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Covid-19 prompts NFTA to suspend rail, bus fares

Metro Bus and Rail will suspend fare collection throughout its two-county system to avoid handling money and pass cards during the Covid-19 outbreak.

If the Niagara Frontier Transportation Authority's board of commissioners approves a resolution on its Thursday agenda – as expected – bus, rail and paratransit commuters will ride free for the foreseeable future, though officials are not yet sure when the program will begin.

Suspending the $2 fare for the NFTA's 83,000 daily bus and rail passengers would normally wreak financial havoc, but officials say ridership has dropped so dramatically because workers are staying home, that the move will result in relatively negligible effects.

"There has been such a decline that it may not have that much of a financial impact," authority spokeswoman Helen Tederous said.

In addition, Tederous said reducing the instances of money exchanges between passengers and bus operators will provide a new layer of safety against the highly contagious novel coronavirus.

"That exchange of money, and even of day passes, will now be totally eliminated. There will be no touching," she said.

The move will also allow bus passengers to enter and exit through the back door in another effort to minimize contact with drivers.

"The idea is that it helps with social distancing and helps our operators," she said. "We've seen it introduced around the country."

According to the resolution to be considered Thursday, the move stems from the interaction of employees, ticket inspectors they call "transit ambassadors," and police officers to determine proof of payment on Metro Rail.

"This involves the visual inspection of fare media, putting these individuals in close proximity to our ridership," the resolution says, referring to workers who check for fares paid via smart phones. "On the bus side, operators require individuals to insert cash into the farebox, swipe magnetic stripe enabled passes, and present non-magnetic stripe fare media or proof of reduced-fare eligibility. These activities result in dwell time at the farebox at the front of the bus.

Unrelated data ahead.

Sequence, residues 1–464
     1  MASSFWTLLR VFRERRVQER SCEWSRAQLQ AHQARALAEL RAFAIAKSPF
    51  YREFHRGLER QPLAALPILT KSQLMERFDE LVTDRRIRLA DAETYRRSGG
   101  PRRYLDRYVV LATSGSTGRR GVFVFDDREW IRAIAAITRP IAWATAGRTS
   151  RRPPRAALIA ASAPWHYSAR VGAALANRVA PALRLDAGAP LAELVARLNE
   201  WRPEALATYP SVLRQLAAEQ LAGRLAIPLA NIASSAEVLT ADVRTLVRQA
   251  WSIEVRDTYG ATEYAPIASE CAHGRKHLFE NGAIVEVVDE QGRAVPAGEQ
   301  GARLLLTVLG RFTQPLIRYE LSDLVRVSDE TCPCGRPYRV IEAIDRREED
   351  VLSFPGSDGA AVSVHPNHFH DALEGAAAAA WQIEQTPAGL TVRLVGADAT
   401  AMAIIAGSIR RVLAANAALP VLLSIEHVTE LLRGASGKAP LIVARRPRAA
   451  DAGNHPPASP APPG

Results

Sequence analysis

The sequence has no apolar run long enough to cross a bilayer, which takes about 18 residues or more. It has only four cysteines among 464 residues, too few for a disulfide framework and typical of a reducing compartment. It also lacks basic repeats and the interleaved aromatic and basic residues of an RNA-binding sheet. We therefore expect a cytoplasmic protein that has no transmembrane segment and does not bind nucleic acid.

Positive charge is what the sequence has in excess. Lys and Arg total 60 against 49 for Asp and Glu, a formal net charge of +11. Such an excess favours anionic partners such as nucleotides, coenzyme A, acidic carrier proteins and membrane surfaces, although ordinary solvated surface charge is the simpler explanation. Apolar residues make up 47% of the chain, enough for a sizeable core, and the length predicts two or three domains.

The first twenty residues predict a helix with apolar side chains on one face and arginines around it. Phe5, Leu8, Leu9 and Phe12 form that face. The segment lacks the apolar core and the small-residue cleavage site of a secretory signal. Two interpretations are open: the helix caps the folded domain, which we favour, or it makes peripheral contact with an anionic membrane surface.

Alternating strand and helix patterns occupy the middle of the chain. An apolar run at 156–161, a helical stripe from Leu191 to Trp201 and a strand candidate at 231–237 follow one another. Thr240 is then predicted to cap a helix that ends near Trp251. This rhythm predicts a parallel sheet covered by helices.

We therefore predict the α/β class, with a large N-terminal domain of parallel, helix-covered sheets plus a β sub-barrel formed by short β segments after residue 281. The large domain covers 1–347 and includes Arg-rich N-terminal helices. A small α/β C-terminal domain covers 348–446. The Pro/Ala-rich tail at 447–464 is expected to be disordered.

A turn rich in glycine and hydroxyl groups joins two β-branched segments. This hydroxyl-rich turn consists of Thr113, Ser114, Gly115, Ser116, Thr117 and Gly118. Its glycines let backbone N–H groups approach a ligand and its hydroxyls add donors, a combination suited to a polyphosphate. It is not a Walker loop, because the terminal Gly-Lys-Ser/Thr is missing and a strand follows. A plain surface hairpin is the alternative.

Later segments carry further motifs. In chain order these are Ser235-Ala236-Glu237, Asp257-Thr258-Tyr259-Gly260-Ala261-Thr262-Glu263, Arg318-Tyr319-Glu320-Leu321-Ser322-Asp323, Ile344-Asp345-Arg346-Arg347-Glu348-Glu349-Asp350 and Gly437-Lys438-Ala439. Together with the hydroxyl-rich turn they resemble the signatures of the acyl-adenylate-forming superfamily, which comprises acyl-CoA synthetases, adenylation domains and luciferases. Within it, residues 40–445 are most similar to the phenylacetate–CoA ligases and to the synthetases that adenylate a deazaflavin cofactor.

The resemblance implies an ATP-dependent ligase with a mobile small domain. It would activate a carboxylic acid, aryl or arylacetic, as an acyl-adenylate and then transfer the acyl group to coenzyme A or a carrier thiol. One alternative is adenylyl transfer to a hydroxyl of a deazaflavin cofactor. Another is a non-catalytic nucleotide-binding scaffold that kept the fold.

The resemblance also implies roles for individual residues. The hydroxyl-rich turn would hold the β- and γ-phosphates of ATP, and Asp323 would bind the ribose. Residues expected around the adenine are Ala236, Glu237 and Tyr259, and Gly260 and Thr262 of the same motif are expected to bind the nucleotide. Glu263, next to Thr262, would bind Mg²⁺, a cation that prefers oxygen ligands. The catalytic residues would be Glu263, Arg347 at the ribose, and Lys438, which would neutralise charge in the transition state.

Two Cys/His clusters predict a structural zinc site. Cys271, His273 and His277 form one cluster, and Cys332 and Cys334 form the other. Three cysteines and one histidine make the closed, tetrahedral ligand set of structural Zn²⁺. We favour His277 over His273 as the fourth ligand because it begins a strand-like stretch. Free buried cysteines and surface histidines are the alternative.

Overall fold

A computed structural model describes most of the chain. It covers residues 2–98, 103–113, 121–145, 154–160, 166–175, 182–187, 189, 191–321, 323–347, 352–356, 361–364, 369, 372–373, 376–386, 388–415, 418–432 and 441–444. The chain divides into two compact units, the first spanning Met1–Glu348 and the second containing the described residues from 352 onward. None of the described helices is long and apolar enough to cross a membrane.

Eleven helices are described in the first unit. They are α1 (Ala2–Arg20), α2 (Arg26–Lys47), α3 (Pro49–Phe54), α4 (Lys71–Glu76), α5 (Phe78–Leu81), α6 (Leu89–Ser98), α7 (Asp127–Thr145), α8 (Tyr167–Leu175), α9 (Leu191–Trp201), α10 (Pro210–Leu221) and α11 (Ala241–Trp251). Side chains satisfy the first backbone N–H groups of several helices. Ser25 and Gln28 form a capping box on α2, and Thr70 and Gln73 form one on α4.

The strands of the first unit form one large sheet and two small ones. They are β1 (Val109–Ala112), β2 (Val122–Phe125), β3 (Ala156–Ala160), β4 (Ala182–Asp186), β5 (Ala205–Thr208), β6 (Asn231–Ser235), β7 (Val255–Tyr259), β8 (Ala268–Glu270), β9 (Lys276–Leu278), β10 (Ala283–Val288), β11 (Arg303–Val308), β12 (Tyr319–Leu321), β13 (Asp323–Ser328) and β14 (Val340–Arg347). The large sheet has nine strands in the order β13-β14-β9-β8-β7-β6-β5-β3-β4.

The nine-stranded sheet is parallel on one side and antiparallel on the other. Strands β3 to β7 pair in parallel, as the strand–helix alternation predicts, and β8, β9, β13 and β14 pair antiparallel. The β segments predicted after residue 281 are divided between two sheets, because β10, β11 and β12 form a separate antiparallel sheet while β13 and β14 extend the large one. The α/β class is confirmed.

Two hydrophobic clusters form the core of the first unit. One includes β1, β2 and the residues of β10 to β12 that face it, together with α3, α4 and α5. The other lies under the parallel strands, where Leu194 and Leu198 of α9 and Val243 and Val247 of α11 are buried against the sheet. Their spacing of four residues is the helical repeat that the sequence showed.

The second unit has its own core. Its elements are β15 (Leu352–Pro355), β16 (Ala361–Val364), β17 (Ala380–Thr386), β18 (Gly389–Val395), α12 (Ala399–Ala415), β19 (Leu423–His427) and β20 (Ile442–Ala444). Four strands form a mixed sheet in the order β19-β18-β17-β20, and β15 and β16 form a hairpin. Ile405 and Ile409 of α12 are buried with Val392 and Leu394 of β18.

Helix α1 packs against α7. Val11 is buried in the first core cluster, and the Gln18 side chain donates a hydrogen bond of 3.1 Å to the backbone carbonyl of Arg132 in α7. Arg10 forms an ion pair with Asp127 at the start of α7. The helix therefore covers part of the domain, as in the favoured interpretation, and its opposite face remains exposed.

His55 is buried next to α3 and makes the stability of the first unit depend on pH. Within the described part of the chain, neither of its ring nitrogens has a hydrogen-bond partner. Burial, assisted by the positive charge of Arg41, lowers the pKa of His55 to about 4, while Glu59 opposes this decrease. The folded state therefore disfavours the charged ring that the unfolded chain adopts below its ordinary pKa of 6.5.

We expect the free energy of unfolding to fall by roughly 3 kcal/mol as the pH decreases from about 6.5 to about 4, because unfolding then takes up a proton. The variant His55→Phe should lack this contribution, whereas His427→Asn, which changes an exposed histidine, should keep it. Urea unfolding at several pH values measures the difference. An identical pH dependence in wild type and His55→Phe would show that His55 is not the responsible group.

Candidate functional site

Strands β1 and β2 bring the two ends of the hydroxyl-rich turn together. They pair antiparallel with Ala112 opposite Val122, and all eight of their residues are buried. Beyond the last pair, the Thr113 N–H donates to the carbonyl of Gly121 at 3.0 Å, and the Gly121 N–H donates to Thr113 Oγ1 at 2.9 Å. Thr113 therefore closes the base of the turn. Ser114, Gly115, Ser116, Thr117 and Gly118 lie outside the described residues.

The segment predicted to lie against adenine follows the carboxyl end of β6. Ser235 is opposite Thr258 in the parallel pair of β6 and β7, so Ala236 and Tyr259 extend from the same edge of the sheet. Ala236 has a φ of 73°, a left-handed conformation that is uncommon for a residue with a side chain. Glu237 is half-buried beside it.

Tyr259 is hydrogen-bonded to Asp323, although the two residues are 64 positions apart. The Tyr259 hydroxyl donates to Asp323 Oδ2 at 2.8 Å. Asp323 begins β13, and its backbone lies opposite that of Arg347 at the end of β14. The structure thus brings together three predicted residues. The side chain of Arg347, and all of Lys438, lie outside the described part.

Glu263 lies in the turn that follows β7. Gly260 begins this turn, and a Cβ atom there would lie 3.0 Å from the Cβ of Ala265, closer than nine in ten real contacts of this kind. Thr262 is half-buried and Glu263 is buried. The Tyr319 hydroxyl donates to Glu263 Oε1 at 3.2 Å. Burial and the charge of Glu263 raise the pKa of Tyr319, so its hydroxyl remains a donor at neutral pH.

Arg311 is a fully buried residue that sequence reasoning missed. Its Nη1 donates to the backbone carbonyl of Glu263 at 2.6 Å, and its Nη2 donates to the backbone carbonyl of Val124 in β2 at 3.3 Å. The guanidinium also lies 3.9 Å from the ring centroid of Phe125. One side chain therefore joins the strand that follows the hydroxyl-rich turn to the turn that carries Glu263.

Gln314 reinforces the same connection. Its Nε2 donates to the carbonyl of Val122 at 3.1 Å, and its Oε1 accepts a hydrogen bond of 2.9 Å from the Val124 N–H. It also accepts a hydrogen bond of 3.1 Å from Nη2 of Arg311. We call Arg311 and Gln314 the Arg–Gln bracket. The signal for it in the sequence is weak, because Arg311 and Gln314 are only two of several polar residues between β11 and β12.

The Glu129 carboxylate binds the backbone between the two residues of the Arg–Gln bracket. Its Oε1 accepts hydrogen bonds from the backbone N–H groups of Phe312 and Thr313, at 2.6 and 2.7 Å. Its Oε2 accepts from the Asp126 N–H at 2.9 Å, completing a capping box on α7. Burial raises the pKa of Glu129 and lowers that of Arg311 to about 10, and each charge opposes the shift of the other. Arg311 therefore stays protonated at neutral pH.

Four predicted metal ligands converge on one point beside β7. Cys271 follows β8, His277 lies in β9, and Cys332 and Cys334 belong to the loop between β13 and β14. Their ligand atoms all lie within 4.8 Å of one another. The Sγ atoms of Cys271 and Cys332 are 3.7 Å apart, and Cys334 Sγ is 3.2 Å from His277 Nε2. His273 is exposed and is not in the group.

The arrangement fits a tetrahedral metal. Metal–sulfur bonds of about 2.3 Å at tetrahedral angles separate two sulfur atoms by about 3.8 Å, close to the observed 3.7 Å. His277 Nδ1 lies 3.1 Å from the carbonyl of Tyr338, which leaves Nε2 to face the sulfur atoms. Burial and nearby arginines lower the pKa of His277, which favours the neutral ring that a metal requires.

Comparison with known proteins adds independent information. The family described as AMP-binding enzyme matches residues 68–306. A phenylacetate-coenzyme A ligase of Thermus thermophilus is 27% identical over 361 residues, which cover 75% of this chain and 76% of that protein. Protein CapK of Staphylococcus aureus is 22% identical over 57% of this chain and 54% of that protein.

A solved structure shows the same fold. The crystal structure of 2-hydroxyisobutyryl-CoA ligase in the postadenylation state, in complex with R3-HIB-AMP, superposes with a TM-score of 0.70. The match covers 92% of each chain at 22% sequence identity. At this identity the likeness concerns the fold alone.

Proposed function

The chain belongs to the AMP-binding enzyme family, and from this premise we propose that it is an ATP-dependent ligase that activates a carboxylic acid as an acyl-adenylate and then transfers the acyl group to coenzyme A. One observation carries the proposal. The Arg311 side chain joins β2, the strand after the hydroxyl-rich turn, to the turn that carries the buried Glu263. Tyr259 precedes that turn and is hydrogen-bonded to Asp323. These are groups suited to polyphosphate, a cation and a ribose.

"Temporarily eliminating fare collection will also allow bus operations the ability to utilize rear-door boarding, which will maximize social distancing," the resolution adds.

Indeed, Rochester's Regional Transit Service instituted free rides throughout its system on Friday and expects it to continue until at least April 19.

“At this point, everyone should stay home and practice social distancing at all times. However we recognize that some travel is essential,” Monroe County Executive Adam Bello said last week. “We are grateful RTS is ensuring everyone has access to transportation to get those essential items, such as food or medicine."

The NFTA has not yet compiled statistics for the drop-off in commuters during the pandemic, but Tederous said it is significant.

Consideration had been given to adopting a reduced service Saturday schedule throughout the week, but Tederous said many medical and other emergency workers are so dependent on the system that the NFTA decided to maintain its weekday routes. She noted that the Capital District Transportation Authority had adopted a weekend schedule for its routes in the Albany-Schenectady-Troy area.

“We got a lot of feedback from medical workers, people who work at grocery stores, and others thanking us" for retaining full service, she said. “We were starting to get requests from businesses and hard-hit individuals who need the service. We want to be there for the community and help in any way we can.”

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